Scotland - facts and figures

We look to Scotland for all our ideas
of civilisation -- Voltaire



Where is Scotland
Bounded by England in the south and on the other three sides by sea: the Atlantic Ocean on the west and north and the North Sea on the east. In land area Scotland occupies about one-third of the island of Great Britain, but has less than 10% of the population


Scotland is 31,510 sq. miles in area. It is 274 miles long from North to South and varies in breadth between 24 and 154 miles Traditionally divided into three geographic regions from north to south: the Highlands, the Lowlands, and the Southern Uplands.

Most of Scotland consists of hills and mountains covered with grasses and shrubs. Much of the upland within the UK is within the borders of Scotland, along with the highest peaks Scotland includes 787 islands, of which most belong to the Hebrides, Orkney and Shetland. Only 62 of these islands are bigger than three square miles in area.

26 rivers flowing directly into the sea. And the Rivers Clyde, Forth and Tay have large estuaries (or Firths) around which grew  three major cities of Scotland (Glasgow, Edinburgh and Dundee respectively).

Scotland is also noted for its lochs (this name is generally used for lakes in Scotland). Much of the west coast of the country is intersected by Sea Lochs, the longest of which, Loch Fyne, penetrates more than 40 miles inland. Notable fresh-water lochs include Loch Ness


The Gulf Stream gives Scotland a temperate oceanic climate, unusual for a country so far north

The Hebrides off the west coast has a mean winter temperature of 5 degrees Celsius, while Dundee on the east coast has 3 degrees Celsius.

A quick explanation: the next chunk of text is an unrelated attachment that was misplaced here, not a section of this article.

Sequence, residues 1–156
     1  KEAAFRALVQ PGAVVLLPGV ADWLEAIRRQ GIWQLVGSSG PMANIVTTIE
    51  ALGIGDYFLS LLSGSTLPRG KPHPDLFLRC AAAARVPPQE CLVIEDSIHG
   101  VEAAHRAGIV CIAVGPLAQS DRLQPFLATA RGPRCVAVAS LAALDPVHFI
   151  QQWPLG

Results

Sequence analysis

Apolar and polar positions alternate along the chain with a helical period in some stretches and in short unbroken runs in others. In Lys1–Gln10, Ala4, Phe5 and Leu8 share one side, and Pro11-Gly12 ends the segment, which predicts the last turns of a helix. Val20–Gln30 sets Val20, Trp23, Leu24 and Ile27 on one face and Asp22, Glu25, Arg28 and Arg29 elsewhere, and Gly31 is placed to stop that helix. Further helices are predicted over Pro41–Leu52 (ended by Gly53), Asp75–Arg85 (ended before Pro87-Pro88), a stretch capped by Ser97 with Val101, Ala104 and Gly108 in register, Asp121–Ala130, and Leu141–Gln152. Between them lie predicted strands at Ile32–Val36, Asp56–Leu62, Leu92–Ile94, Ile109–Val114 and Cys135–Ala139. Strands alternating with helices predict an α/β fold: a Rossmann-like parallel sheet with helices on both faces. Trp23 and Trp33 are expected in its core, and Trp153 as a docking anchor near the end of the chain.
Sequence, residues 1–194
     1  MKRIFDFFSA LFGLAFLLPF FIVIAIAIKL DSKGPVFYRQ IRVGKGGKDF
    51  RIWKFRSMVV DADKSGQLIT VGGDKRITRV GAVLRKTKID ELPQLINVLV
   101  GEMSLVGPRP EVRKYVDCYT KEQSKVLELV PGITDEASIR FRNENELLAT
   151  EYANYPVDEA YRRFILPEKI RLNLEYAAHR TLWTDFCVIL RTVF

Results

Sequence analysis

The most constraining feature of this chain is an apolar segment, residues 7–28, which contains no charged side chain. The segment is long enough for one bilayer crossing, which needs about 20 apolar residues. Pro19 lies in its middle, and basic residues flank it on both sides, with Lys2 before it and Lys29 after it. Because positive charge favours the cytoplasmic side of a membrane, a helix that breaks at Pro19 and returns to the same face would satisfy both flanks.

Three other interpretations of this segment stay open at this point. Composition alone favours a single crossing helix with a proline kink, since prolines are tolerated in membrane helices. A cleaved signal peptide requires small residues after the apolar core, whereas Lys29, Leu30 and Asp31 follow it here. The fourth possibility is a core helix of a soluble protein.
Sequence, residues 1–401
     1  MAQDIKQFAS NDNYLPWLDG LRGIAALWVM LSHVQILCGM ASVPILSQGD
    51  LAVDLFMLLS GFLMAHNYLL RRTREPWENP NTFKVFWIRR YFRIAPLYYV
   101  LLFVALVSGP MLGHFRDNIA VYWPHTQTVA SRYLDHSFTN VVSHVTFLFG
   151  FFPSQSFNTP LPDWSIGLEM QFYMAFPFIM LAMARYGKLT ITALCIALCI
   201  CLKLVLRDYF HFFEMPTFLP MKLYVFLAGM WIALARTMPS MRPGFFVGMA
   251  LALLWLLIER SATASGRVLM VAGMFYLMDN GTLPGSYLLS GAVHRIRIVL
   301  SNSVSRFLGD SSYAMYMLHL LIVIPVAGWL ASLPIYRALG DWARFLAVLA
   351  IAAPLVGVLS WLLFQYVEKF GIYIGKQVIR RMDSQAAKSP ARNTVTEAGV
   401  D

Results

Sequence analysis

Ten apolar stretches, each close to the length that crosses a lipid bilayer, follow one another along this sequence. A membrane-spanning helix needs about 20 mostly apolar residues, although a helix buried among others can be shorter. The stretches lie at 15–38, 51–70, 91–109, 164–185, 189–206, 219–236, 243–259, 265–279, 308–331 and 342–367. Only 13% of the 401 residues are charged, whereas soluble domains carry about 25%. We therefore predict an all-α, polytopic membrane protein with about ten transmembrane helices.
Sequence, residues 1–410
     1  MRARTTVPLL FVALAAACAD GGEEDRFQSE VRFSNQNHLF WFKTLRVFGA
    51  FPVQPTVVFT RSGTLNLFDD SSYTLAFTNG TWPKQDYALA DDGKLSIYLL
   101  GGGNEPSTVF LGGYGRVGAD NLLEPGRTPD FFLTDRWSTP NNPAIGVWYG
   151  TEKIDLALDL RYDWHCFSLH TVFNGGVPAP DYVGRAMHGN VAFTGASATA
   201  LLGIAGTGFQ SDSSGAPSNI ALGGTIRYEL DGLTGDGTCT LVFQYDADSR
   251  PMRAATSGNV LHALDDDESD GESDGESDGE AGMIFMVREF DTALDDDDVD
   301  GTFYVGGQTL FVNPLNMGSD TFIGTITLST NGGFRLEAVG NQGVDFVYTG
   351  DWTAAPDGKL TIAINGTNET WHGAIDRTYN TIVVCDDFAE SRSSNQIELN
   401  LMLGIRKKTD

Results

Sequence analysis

The Hebrides mean warmest month in summer is 14 degrees C, against Dundee's 15 ,br> Rainfall varies with the proximity to mountains. The Hebrides get around 100 centimetres a year, Dundee 65 centimetres, but the mountains of Inverness and Western Ross will get drenched with  250 centimetres

Scotland is one of four constituent nations which form the United Kingdom (the other three are England,Wales and Northern Ireland). Scotland forms the northern part of the island of Great Britain.
As with these other nations within the UK government is in two tiers -

  • National government is via the UK parliament in London,through the Secretary of State for Scotland
    and the Scottish Office based in Edinburgh.
  • a Scottish parliament has been introduced to devolve authority more to Scotland itself
  • Local Government is carried out by 29 unitary authorities and three island authorities
  • Scotland has its own legal system, and an education system which, at all levels, differs from England and Wales.
  • Scotland also has its own banking system and its own banknotes. Though legal tender in England, they can be looked upon with suspicion by the English

The official language is English, though Gaelic is spoken by around 85,000 people, mainly in the North of Scotland


4,998,567 (1991 census)
20.0 per cent under 15 years of age;
life expectancy 74 years; and,
infant mortality 7.1 per 1,000 live births.

Main Towns

The cities of Edinburgh, Glasgow and Dundee and most of the population plus the majority of Scotland's industry is located within the Midland Valley. This broad valley averages 50 miles across and runs east to west across the centre of the country.
Edinburgh     725,000 capital of Scotland
Glasgow       689,000
Aberdeen     211,000
Dundee        173,000
Inverness       63,000
Main Crops
barley, oats, wheat, potatoes, turnips, and sugar beets.
tourism  makes a significant contribution to the economy, directly providing over 155,000 jobs.
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